Teaching Science Like Dr. Seuss
The center will provide a Web-based resource for independent learners who can track advances in the technology from the comforts of their own computers. In addition, K-12 teachers and students will be able to tap into a Web site to keep current on the research, discover opportunities to attend workshops and learn about the types of careers to which young students can aspire.
"We develop information technology, we make use of existing information technology and we implement a lot of new technology," Dalton says. "Web-based interaction and training will get faster and more real-time interactive as we go. Someone in first grade could eventually come in and get some basic knowledge about how electronics and photonics talk to each other. It could be like a Dr. Seuss novel."
Dalton says he's received hundreds of e-mails from high school students from all over the country, students who normally might attend Harvard, Yale or Stanford, but who are intrigued about UW thanks to an article in a newspaper or magazine or a visit to Dalton's student-run Web site http://www.depts.washington.edu/eooptic.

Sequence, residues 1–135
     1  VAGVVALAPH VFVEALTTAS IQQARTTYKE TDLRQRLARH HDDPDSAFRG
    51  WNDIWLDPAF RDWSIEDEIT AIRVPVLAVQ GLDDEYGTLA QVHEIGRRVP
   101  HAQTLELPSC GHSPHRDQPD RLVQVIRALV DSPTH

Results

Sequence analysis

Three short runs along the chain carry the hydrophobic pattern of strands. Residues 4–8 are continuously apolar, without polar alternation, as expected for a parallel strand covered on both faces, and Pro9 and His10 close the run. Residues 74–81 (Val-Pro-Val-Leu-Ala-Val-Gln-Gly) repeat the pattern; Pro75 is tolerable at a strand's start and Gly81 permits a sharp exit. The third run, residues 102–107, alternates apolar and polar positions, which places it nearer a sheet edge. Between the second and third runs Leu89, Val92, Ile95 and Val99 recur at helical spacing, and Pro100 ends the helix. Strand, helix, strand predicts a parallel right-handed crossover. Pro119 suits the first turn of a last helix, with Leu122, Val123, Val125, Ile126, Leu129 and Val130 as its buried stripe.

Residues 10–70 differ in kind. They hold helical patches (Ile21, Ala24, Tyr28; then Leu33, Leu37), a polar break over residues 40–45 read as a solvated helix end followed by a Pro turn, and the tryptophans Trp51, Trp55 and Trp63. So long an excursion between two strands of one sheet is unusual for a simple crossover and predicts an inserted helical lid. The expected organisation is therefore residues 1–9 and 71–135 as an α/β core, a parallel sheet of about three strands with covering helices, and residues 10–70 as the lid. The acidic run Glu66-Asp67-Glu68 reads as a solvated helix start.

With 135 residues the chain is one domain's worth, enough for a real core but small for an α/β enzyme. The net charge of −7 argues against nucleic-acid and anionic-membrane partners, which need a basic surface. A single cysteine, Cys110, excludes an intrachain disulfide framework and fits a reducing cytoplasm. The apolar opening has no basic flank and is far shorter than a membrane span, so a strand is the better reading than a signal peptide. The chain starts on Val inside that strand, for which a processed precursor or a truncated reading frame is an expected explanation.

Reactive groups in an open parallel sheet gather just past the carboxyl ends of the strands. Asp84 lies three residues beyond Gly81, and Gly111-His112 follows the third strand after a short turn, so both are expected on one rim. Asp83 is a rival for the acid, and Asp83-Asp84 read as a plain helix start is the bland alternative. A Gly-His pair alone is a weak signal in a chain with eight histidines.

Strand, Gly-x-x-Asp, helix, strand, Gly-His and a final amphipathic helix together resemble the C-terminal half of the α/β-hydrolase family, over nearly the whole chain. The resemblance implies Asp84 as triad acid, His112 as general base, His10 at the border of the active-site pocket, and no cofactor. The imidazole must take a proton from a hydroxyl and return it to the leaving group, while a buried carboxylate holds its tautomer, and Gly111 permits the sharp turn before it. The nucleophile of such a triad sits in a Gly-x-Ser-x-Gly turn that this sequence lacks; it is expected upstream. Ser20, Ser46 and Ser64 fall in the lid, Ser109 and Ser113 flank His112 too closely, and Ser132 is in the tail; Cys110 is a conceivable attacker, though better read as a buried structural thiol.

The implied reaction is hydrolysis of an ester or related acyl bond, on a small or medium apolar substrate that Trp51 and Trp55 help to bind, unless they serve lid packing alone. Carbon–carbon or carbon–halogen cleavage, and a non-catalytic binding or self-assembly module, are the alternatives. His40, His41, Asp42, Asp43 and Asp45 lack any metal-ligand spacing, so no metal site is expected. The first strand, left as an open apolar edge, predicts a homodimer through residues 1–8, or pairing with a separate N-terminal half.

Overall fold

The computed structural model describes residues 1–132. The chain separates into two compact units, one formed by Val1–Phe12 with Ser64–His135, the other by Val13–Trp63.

Photo by Miquel Khoury, courtesty Microvision.
"The number of Web site hits has been incredible, but I've learned that students pay more attention to the Web site than anything else," Dalton says. "As a freshman chemistry teacher, I've used class announcements and memos to announce changes in an exam date. But if I didn't put it on the Web site, inevitably some students would miss the announcement."
An internationally noted speaker, Dalton also keeps busy on the banquet and seminar circuit. He will kick off the NSF's Distinguished Lecture Series in September in Washington, D.C., offering the first of eight NSF lectures per year that represent research breakthroughs in America. Earlier this year he was invited to speak before the Select Committee on Science and Technology of the British House of Lords.
While Dalton says that the attention he has received for his past work is gratifying, it is the work that's yet to come that keeps him continually striving for the next discovery.
"Just as with anyone who has a dream, I went to college to find the areas in life I would be interested in," he says. "We all started out with widely unconnected disciplines-law, business, engineering, arts and sciences and medicine. Now they are constantly interacting and integrated, and they are doing so more and more every day. Information technology has made the world a much smaller place." Scott Holter is a Seattle free-lancer who also wrote "Fatal Inheritance," a June 2002 article on pancreatic cancer research.